Iwamoto and colleagues evaluated data from the Patient Outcomes Research to Advance Learning (PORTAL) on 2,811 adults (median age, 52 years; 54.2% white; 61.8% women; 79.4% with obesity) to determine weight-related health care experiences. Participants completed a survey in the summer of 2015 to report on personal experiences from providers.

Among participants with obesity, 79.8% tried to lose weight in the last 12 months, more than half exercised or changed eating habits and less than 9% used weight loss programs or medications. Fewer than 3% had weight loss surgery.

Participants reported that their health care providers only sometimes (49.5%) or never (17.1%) brought up weight at clinic visits. Discussions about lifestyle change (83.7%) and weight loss programs (62%) were reported more often than meal replacements (19.2%), surgery (15.6%) or medications (10.6%).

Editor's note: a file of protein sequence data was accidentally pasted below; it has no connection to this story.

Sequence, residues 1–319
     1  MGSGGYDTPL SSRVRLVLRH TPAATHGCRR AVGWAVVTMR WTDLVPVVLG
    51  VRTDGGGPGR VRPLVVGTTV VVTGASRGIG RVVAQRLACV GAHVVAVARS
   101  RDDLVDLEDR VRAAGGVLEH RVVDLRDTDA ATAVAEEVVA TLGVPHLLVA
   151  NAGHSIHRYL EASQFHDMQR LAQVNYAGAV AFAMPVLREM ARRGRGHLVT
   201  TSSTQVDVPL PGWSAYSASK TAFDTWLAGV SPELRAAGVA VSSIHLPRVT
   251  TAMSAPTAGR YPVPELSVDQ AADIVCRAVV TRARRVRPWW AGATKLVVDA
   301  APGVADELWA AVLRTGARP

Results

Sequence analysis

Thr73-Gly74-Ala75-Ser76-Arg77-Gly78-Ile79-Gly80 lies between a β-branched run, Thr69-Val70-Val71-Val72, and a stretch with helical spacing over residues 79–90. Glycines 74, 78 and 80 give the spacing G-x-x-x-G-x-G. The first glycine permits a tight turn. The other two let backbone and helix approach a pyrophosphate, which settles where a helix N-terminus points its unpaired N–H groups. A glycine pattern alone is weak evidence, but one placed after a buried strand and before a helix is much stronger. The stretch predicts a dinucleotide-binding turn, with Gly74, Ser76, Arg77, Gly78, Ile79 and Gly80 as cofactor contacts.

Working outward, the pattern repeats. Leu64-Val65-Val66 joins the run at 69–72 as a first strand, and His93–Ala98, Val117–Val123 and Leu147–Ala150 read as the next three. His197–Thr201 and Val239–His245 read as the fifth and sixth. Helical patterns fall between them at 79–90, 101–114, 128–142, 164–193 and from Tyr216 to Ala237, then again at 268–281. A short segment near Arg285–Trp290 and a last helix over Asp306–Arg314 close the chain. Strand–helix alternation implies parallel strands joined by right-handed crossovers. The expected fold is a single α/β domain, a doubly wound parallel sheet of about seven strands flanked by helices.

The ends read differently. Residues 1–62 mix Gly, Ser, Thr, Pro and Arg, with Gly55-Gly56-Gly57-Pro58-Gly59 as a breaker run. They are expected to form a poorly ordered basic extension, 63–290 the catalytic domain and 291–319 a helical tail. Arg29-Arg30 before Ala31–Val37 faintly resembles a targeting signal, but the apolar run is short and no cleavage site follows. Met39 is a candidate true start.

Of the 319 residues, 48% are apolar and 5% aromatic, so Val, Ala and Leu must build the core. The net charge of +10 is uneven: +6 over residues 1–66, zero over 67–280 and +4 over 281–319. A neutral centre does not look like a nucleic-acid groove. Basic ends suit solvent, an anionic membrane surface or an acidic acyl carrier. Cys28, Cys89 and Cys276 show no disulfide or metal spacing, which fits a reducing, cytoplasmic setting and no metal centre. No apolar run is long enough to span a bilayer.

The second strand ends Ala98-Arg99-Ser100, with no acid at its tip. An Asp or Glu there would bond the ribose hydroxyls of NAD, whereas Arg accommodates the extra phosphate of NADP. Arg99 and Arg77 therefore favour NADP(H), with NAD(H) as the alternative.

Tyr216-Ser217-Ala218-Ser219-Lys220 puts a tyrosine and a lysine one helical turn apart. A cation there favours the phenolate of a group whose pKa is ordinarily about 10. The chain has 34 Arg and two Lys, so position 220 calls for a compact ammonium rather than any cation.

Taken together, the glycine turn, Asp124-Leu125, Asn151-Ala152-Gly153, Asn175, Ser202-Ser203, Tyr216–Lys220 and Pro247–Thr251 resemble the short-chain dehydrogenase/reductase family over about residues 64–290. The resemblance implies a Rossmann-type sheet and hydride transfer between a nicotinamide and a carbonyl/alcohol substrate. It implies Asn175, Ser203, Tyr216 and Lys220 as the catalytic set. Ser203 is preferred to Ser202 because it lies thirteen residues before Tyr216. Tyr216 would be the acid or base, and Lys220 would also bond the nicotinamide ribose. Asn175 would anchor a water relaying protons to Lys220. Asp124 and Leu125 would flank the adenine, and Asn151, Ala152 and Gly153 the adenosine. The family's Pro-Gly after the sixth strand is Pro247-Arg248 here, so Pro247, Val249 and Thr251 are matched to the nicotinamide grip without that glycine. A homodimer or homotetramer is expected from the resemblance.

“Overall, most patients with overweight and obesity have tried to lose weight by changing eating habits and exercising, very few have tried medications, weight loss programs and surgery,” Iwamoto said. “Also, they have received little information about medications and surgery even when its indicated.”

Coffee & Cardiovascular Health

You can feel less guilty reaching for your third espresso shot in the midst of the holiday craziness this season— a recent study has linked that extra cup of coffee (up to six cups daily!) to a decreased risk of of heart failure, stroke and coronary heart disease.